James Marcia identified four identity statuses: identity diffusion, identity foreclosure, identity moratorium, and identity achievement. These identity statuses are ways to resolve the identity crisis and then establish a commitment to this identity. In this context, the term crisis is a period of development where the adolescent experiences alternative identities and then chooses. The term commitment is the decision that the adolescent makes on what he or she is going to do. Commitments include occupation, religion, philosophy, sex roles, or personal standard of sexual behavior.
Identity diffusion is the status where adolescents have not experienced any identity crisis yet. They have yet to explore meaningful alternatives and they have yet to make any commitments. During this status, adolescents do not show interest in occupational or ideological choices.
Identity foreclosure is the status where adolescents have decided on a commitment; however, they have not had an identity crisis. That is, the adolescent has not had any opportunity to experience alternatives. The adolescent accepts what others have chosen for him or her. Usually, this occurs when an authoritative parent passes on their commitment to the adolescent. These same adolescents will identify more closely to the same-sex parent. For example, if a father is a mechanic and owns his own business, then his son will become a mechanic and take over the business.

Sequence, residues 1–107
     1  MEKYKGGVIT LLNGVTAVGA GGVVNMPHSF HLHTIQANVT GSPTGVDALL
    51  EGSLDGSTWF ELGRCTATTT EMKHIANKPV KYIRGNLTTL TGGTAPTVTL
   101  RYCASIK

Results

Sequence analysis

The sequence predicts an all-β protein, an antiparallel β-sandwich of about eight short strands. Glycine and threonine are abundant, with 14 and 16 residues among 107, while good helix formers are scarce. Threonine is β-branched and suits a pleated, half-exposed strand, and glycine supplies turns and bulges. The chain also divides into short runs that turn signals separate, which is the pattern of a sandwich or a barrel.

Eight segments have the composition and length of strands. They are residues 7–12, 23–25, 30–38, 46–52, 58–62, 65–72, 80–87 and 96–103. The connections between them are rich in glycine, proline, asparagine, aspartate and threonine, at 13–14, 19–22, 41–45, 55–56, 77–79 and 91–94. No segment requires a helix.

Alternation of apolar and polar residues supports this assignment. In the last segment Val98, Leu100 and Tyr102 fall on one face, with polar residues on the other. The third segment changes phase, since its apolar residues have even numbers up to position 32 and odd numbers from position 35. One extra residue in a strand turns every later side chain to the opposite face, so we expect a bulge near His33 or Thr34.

Identity moratorium is a marginal period where the adolescent is on the verge of an identity crisis; however, the adolescent has not made any commitments yet. The term moratorium refers to a period of delay where someone had not yet made a decision. It is during this time that they experience different roles. During this period, adolescents and young adults will court one another, look at different career opportunities, explore philosophies and so on.
Identity achievement is the final status where the individual has gone through a psychological moratorium and have made their decisions for life. These individuals have explored different roles and opportunities and have come to conclusions and made decisions on their own.
In short, James Marcia found that a person's identity is not "set" and is quite fluid. Before a person's identity is chosen, individuals go through a process, whether it is forced on them or not, to determine their identity. A person's identity is made up of commitments made by the individual. These commitments are decisions made throughout one's life that determines "who" that person will be.